6. Take time to meditate and connect to your breath first thing in the morning.
"What I know from personal experience in business and mindfulness is a simple truth: I must create room in my mind to be an effective leader. When I fail to generate that spacious awareness, the natural stream of thinking, amplified by the hyper-digital environment we live in, creates a wild, scattered, and ultimately less effective version of me. However, when I make time to do my meditation, I acquire a sense of spaciousness and go through the day with an alert awareness and a heightened presence that allows me to see more clearly through the incessant stream of situations, thinking, stimuli, and emotions coming my way. My effective decision-making, positive influence, and productivity dramatically increase."
--Ivo Grossi, CEO of SportsArt, a green fitness company whose Eco-Powr line of sustainable gym equipment captures human exertion and turns it into electricity; Eco-Powr has generated 1,962,093 watts of energy across the globe
7. Start the day with an agile and growth-focused mindset.
"Enter the day with as agile an agenda as possible and a growth mindset. The agile plan affords me the ability to apply my efforts to the most meaningful work of the day without the pressure of sticking to a prebuilt calendar. A growth mindset helps me process information from the market, my team, and myself so I can increase the odds of making the best decisions related to achieving our objectives."
--Jason Polstein, CEO of Rip-It, a sporting goods company creating and selling equipment and apparel made specifically for female softball players, and working with more than 250 softball teams from across the U.S.
8. Do the same thing every day.
"I drop my kids off at 8:15 a.m., sharp. I get to work at 8:30 a.m., sharp. Then, I don't sit down, stop working for lunch, or socialize until at least 2:30 p.m. In those six hours, I am 100 percent dialed in from my standing desk and get more done than most people do in a 16-hour day. I also wear nearly the same thing to work every day to avoid figuring it out (something I learned presidents and executives like Mark Zuckerberg do as well). I wear a black T-shirt, gray shorts, and red running shoes 98 percent of the time."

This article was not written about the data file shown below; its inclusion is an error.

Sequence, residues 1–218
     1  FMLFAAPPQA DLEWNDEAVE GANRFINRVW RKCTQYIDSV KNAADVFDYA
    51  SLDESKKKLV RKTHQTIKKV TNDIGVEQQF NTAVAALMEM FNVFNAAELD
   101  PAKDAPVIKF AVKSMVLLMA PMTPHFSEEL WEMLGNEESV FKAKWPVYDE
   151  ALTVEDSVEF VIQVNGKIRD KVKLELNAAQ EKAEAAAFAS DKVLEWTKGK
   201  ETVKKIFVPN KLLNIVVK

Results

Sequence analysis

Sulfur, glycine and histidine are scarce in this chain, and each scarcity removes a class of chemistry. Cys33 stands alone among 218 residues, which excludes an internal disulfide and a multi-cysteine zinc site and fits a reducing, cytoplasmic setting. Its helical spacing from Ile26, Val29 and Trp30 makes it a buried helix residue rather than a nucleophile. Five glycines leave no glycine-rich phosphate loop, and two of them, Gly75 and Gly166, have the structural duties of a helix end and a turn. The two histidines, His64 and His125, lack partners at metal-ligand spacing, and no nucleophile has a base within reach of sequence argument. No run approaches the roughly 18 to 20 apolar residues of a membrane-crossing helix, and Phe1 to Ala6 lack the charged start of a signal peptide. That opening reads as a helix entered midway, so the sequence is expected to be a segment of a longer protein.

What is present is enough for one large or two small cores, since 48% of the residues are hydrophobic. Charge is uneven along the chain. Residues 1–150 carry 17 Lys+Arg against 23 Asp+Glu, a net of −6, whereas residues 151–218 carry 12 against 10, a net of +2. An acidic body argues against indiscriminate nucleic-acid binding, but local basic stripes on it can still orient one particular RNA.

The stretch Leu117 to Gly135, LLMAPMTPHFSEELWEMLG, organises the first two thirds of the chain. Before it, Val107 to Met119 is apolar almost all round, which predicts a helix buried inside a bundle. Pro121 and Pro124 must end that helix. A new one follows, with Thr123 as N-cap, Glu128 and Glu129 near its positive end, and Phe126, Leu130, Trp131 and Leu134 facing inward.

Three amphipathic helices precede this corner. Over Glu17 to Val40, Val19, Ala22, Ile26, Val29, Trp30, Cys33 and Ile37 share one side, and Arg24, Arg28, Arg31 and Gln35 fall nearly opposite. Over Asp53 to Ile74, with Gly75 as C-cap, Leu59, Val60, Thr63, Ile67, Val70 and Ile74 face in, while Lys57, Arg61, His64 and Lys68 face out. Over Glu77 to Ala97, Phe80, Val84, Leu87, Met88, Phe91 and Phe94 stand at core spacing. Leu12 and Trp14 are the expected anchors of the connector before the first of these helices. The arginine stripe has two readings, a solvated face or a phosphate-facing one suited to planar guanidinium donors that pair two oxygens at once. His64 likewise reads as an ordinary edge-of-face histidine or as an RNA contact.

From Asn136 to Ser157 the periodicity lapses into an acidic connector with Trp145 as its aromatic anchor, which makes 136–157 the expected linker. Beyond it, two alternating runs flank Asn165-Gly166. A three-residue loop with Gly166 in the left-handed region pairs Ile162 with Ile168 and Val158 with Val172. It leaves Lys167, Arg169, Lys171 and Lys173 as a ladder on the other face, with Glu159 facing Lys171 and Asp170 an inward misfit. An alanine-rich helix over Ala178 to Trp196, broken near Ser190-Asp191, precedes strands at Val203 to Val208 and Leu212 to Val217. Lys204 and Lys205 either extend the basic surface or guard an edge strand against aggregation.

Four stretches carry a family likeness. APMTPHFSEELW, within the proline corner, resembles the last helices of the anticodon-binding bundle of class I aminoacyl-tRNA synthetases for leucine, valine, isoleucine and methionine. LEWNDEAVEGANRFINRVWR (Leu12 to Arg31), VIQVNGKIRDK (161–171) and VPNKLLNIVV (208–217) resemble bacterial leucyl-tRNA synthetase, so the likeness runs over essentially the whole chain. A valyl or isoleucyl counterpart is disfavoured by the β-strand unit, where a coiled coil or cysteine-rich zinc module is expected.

--Chris Smith, a USA Today best-selling author and the co-founder of Curaytor, a digital marketing and sales coaching company used by more than 800 businesses, booking annual revenue of more than $12 million, and ranked No. 303 on the 2017 Inc. 5000 and No. 9 among companies in both Boston and Orlando, where it's based
9. Schedule each day down to the minute.
"Each day I ensure every minute is accounted for. I plan my calendar a week in advance, and each evening I write out a full schedule of the next day from 6 a.m. to 9 p.m., including items you don't think you spend much time on--getting dressed, your morning commute, your work schedule, and meetings you have. I schedule time for tasks that are non-appointments and of course schedule in family time with my daughter. As a busy executive, it's really tough to make time for everything, but we all have the same hours in a day. If we account--or try to account--for it in 15-minute increments, you'd be surprised by how many things you can get done."
--Suneera Madhani, founder and CEO of Fattmerchant, an integrated payment solution with omnichannel technology and a subscription-based pricing model that has received more than $18 million in funding to date and transacted more than $2 billion in processing
10. Keep your daily routine simple.
"While much has been written about the importance of daily routines--such as workouts, meditation, email boundaries, and more--I firmly believe the most meaningful daily habit you can have is a focus on simplicity. Try to break down your day into manageable pieces. Avoid distractions, and focus on uncluttering your decision-making process. By doing this, you create clarity, which paves the way toward your success."